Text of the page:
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If We Can't Help You...

As a Case Advocate for Disability Rights Nebraska, I work to assist and advocate for Nebraskans with significant mental and physical disabilities in protecting their legal and human rights. Whether it’s a phone call, an email, or a face-to-face meeting, each request for assistance that we receive is handled individually through our intake process.
During the intake process I talk with the person and gather basic and pertinent information about them and about their concern. The Legal Advocacy Team, including attorneys, case advocates and law clerks, meets on a weekly basis to determine if the matter meets the eligibility guidelines and what action to take. These guidelines or priorities are determined by our Board of Directors and state-wide public comment.
When the matter is outside the scope of Disability Rights Nebraska’s legal advocacy services we strive to provide information and/or referrals that could assist the individual with obtaining the information they’re looking for, or with resolving the matter.
Often, there may be another agency that is better qualified to assist the individual. As a Case Advocate, being able to provide appropriate information and referrals is an important part of helping individuals successfully resolve the matters they are experiencing. For me, this involves researching the issue and locating services and resources that could be helpful in the situation. Many times, I reach out to other organizations or professionals to gather the type of information I’m seeking.
I’ve learned that finding effective and useful referrals isn’t always possible and this can be discouraging. I find this to be the case especially when an individual is eligible to receive services and supports because of their disability, but those services are either withheld or provided so sporadically as to create additional confusion and hardship. When we see a number of complaints such as this concentrated in a specific area, we recognize that as a need for systemic change or improvement. In this way, the intake process provides data that feeds our systemic and public policy work.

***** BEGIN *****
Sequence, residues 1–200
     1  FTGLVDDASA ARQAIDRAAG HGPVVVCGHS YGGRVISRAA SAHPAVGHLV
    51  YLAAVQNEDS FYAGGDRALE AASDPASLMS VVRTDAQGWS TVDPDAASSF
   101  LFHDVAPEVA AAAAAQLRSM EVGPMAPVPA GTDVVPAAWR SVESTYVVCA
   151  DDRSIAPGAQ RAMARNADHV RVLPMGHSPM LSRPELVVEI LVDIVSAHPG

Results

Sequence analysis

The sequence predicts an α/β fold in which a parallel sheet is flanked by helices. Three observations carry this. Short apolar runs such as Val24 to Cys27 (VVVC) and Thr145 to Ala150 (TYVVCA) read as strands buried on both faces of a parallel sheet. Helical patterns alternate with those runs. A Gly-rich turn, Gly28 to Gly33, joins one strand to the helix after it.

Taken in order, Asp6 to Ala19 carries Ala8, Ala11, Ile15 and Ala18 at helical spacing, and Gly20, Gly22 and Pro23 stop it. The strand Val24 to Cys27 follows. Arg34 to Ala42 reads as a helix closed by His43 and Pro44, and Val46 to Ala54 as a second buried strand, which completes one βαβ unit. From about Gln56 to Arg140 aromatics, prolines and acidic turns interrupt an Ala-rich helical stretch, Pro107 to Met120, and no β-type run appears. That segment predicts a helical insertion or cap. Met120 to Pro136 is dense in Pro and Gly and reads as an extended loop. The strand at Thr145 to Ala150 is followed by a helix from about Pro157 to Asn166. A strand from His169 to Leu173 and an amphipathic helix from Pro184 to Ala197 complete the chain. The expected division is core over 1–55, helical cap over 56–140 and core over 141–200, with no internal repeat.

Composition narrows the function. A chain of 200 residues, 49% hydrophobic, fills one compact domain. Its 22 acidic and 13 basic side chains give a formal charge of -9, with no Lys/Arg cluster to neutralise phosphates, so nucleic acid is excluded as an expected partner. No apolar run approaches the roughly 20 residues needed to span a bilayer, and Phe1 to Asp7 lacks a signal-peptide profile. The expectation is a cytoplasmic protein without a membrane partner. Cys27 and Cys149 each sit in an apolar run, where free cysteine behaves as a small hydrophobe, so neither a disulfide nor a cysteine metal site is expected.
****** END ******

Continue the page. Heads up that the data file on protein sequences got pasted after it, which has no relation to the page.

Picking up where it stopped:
My next step as a Case Advocate is to communicate with the individual about whether our organization can provide information, referrals, or legal advocacy regarding the matter. (“Legal advocacy” includes a broad range of remedies, anywhere from simply attending a meeting alongside the client, to a full-blown court case.)
Communication plays a huge role in the whole process, from intake, to determining what we or another organization can do for the individual, to the closure of the service request. Sometimes it is not even so much what we do, as how we do it: sometimes the opportunity for the person to tell their story and be heard is what a Case Advocate’s work is all about.
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Karen Masterson has been a Case Advocate at Disability Rights Nebraska for over a year. Karen earned an Associate of Applied Science degree in Business Administration at Southeast Community College. In her leisure time she enjoys photography, fashion, travel, and culinary adventures.

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